Monday, April 24, 2017

Identifying a spider from a photo

I get sent a lot of photos which people hope I can identify. I love getting them - I only wish I could do better on identifying. If they are common Australian spiders, I have a chance. With thousands of species identified in Australia alone and many more thousands yet to be described by science, my chances of recognising a spider from a photograph is small. When they come from other countries, I am often struggling to even know the family.

The problem is made worse because the photographs often don't show me what I need to know and the senders don't include the necessary information. I need to know where the spider was photographed - not only the location but whether it was associated with a web (really important), near houses, in a burrow, in dry bush or wet forest and so on. With the photos, most are blurry. As I need to see details like the hairs, that makes life difficult.

The eyes have it

But most useful of all are the eyes. Almost every spider photo is taken of its back. Spiders are often identified to family level from their eye pattern.

Today's photo included the eyes! Rushil Gupta sent me three photos of a spider to identify. The first gives you an idea of the entire photo, and the smallness of the spider in it. The next three are zoomed and cropped. [Click on images to see them better.]

The shape suggests a few possibilities. An arachnologist might be better able to leap to conclusions, but it is too blurred for me when I zoom on the spider:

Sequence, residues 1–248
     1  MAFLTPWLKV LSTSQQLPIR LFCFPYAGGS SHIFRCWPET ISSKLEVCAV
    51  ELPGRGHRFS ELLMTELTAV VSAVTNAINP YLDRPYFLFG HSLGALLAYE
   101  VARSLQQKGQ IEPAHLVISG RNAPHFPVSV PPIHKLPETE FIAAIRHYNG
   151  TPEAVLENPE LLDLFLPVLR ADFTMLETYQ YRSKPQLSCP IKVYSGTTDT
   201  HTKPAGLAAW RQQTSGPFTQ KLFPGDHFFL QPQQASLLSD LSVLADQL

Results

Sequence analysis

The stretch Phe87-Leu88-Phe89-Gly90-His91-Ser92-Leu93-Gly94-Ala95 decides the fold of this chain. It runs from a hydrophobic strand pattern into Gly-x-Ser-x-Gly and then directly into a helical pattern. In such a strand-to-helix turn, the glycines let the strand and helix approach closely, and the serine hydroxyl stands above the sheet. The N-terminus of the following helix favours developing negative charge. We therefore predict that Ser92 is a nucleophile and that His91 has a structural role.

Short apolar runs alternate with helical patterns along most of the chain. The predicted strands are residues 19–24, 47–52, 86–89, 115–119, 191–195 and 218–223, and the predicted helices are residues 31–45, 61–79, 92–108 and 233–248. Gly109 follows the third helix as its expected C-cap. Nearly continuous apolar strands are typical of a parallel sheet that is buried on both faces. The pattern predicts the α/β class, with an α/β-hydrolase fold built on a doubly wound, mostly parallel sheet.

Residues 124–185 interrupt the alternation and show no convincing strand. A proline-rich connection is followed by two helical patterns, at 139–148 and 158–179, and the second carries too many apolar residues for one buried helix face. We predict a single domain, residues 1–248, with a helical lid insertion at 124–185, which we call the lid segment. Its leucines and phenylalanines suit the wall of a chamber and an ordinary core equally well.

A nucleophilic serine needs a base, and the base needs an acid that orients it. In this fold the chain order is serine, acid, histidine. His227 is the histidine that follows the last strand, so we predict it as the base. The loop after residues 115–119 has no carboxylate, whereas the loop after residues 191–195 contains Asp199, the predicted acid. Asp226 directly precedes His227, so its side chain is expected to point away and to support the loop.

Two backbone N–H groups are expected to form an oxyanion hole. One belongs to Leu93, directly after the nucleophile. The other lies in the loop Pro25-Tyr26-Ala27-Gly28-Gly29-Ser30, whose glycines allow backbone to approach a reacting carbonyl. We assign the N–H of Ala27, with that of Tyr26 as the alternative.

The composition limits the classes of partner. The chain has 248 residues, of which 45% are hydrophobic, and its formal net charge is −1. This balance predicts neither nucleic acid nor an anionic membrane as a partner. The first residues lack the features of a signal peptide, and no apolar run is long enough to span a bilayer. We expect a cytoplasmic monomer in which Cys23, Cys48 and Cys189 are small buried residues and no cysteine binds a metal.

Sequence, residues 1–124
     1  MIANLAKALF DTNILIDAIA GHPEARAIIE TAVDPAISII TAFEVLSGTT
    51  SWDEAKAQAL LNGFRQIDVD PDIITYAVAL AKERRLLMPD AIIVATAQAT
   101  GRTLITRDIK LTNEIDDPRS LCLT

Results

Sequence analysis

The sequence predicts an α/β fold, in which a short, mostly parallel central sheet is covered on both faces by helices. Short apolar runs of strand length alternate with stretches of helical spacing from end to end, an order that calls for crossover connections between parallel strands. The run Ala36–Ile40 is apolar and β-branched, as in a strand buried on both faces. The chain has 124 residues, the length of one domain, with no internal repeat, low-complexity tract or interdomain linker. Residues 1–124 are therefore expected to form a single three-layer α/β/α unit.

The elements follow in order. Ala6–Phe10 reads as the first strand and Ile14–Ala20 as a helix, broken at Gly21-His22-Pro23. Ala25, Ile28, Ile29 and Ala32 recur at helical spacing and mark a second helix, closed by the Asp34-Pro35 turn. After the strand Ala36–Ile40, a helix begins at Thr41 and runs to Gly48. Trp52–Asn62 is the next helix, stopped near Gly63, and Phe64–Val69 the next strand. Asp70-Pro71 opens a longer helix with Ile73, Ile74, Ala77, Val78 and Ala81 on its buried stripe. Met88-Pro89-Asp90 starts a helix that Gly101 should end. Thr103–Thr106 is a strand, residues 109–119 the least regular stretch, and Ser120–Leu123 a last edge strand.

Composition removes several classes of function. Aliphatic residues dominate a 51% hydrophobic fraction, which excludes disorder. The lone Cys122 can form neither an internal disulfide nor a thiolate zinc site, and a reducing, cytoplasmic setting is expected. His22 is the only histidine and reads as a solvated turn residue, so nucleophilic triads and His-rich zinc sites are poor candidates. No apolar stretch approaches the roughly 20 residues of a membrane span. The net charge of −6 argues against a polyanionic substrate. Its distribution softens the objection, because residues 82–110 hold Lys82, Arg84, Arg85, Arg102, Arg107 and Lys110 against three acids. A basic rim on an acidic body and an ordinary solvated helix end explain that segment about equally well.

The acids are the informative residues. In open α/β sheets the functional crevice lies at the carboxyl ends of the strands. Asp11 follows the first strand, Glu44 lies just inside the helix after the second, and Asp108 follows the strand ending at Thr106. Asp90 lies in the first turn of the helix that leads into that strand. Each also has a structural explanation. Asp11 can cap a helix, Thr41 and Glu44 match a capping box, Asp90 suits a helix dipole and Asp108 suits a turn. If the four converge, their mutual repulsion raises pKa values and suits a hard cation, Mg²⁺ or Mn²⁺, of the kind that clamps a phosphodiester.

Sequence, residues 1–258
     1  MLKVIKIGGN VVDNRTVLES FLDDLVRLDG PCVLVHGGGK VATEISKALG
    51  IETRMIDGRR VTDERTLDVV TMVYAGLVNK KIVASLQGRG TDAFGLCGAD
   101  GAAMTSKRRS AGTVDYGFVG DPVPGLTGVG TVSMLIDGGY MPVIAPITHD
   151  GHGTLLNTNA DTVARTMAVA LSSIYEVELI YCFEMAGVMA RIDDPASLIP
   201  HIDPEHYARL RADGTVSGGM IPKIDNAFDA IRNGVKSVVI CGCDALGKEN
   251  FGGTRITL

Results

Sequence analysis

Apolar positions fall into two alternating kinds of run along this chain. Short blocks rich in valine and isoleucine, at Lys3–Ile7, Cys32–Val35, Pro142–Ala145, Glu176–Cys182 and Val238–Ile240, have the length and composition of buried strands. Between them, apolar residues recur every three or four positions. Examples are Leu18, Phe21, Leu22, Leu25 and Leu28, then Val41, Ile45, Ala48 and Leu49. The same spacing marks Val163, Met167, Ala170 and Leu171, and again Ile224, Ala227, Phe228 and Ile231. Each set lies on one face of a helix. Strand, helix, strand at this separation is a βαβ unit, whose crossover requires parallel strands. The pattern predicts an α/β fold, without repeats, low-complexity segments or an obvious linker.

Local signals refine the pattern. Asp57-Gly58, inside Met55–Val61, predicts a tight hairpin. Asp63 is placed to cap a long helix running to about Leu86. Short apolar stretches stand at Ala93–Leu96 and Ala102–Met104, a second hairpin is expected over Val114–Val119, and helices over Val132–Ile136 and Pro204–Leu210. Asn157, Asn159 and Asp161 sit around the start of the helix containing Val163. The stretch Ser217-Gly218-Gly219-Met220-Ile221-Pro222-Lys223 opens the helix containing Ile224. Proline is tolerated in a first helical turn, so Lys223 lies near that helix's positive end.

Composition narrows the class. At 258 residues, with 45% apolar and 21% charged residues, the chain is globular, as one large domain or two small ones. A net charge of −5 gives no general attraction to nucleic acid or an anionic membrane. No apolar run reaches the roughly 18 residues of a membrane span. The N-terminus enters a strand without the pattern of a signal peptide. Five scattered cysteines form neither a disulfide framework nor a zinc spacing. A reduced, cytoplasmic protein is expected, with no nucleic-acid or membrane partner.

This is clearer, and I am getting a good idea. But I still can't see what I need.


And the really useful one! I have the eye pattern. It has a large front pair of eyes ... jumping spider or wolf spider or lynx spider? The photo is clear enough to see the very strong spines on its legs, which indicates probably a lynx spider (family Oxyopidae). But it is the eye pattern which will clinch it - and Rushil's photo shows them.

A great site for the eye patterns of the common families is Bugguide:

This is found at (or click on the image). It shows the Lynx Spider family eye pattern to be:

Bingo! NOT! I jumped (pun intended as will be obvious soon) to conclusions too fast! Fortunately some experts jumped in - thank you Lizzy Lowe and Alan Henderson. The two little eyes under the large anterior median eyes aren't there!

I thought that I could see spines on the legs which is why I headed for lynx spiders. Clearly, I judged that wrong too.

Try again: This is the eye pattern of the jumping spiders, family Salticidae. So Rushil's spider is definitely a jumping spider.

From the bulges on the end of the pedipalps at the front, I would guess that he is a male wandering in search of a female. Now I need to hear back from Rushil to know what country the spider comes from. I can work out the size from the image!

UPDATE: Rushil tells me that he is in India. I'll wait for the experts to see if they can tell me more.

CONCLUSION: I am really good at loving spiders and observing my locals. I am no good at ID unless it is one of my locals - much as I would love to be and will keep trying.


  1. Sorry but this is definitely a jumping spider. The points i would use to ID them are the very large median eyes, the long front legs and the lack of spines on the legs (very characteristic of lynx spiders). Body shape is always a good indicator too!

  2. No need to be sorry - I am delighted to be corrected. My arachnid guru and inspiration, Alan Henderson pointed it out as well. I am very pleased to have this corrected and now have clear evidence why I am not the person to send ID questions to.

    Thank you!!

    Any idea which jumping spider?

  3. It looks similar to the males in the Helpis genus in Australia
    But I dont know if that genus is in India too!

    I'm always happy to help with spider ID's. Lowe.lizzy AT or @LizyLowe on twitter :)

  4. So pleased to make your acquaintance, Lizzy. We spider lovers need to band together against the incredible bad press these adorable critters attract.

    Love your website:

    Thank you!


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